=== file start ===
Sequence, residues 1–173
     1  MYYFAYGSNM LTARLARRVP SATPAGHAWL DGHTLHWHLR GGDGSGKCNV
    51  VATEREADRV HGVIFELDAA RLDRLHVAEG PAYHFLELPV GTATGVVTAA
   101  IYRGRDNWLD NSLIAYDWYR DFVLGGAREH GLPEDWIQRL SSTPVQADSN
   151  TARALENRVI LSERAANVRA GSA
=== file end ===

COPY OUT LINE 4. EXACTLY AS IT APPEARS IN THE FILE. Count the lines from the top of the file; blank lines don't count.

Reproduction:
   101  IYRGRDNWLD NSLIAYDWYR DFVLGGAREH GLPEDWIQRL SSTPVQADSN